- Author: Laurel Schwartz
- Date: August 15, 2023
In NW PA, the Crawford Area Transportation Authority (CATA) has been working with Pennsylvania state transportation agency PennDot to develop…
Open data is already a part of the everyday lives of most people in the United States.
For end users, it’s fairly straightforward to deal with open data when 100 percent of that data comes from a single source, as with NOAA and the US Census Bureau. Good data management practices internal to each agency ensure that the same type of information is available, and in the same format, on a consistent basis.
But what happens when users want to aggregate and analyze data that has been collected and stored by different agencies? The possibilities for variation abound, and if variations across data sets are too numerous, collective analysis may not be possible.
A solution to potential variation is the use of data standards, which are a set of shared expectations for communication between systems, much like the rules of a common language between people. Most of the time, computers exchange data in an established structure. A data standard defines the overall structure a data producer must adhere to, along with the types and formats of the data elements that fill that structure, with the goal that the data can be reliably interpreted by a data consumer.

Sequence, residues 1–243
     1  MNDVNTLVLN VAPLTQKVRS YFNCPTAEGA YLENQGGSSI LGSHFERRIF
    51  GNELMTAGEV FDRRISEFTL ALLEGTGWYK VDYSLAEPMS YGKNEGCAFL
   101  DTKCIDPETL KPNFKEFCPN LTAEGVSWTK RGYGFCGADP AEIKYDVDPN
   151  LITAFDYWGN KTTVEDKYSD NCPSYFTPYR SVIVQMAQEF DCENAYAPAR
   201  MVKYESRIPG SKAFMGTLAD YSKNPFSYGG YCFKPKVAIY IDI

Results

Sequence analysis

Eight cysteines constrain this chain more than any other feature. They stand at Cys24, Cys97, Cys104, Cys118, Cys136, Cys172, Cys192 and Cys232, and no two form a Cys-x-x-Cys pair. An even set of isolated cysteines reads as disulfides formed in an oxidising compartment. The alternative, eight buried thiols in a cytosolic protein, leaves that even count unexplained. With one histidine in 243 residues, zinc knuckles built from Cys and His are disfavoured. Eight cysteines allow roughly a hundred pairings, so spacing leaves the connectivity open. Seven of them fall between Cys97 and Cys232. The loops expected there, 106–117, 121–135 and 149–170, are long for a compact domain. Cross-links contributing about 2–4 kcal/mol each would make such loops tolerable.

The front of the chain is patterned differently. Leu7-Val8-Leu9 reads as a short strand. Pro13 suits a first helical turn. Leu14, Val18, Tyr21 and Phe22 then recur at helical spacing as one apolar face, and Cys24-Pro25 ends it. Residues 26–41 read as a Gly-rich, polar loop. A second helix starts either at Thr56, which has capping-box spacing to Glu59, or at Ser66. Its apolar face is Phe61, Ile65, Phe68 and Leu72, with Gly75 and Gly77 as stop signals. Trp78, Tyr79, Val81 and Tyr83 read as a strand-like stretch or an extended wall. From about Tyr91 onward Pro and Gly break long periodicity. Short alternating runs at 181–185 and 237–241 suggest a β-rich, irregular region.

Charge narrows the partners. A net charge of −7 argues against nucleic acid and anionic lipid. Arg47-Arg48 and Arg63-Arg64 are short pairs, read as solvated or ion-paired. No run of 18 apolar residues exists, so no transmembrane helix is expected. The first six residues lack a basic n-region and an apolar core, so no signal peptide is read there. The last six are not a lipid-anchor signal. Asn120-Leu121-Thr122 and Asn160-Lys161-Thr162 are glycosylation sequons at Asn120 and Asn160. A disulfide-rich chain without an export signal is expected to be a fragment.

When a data standard gets established and multiple data producers use that standard to structure their open data, new possibilities open up for anyone who wants to use that data. Public transportation in the US began its first significant foray into producing standardized open data in 2005 with the creation of what is now called the General Transit Feed Specification. The result has been a significant transformation in how riders engage transit, as well as how transit services and planned and operated. More about that in the next installment of our series, so stay tuned.
Have more mobility news that we should be reading and sharing? Let us know! Reach out to Sage Kashner (firstname.lastname@example.org).
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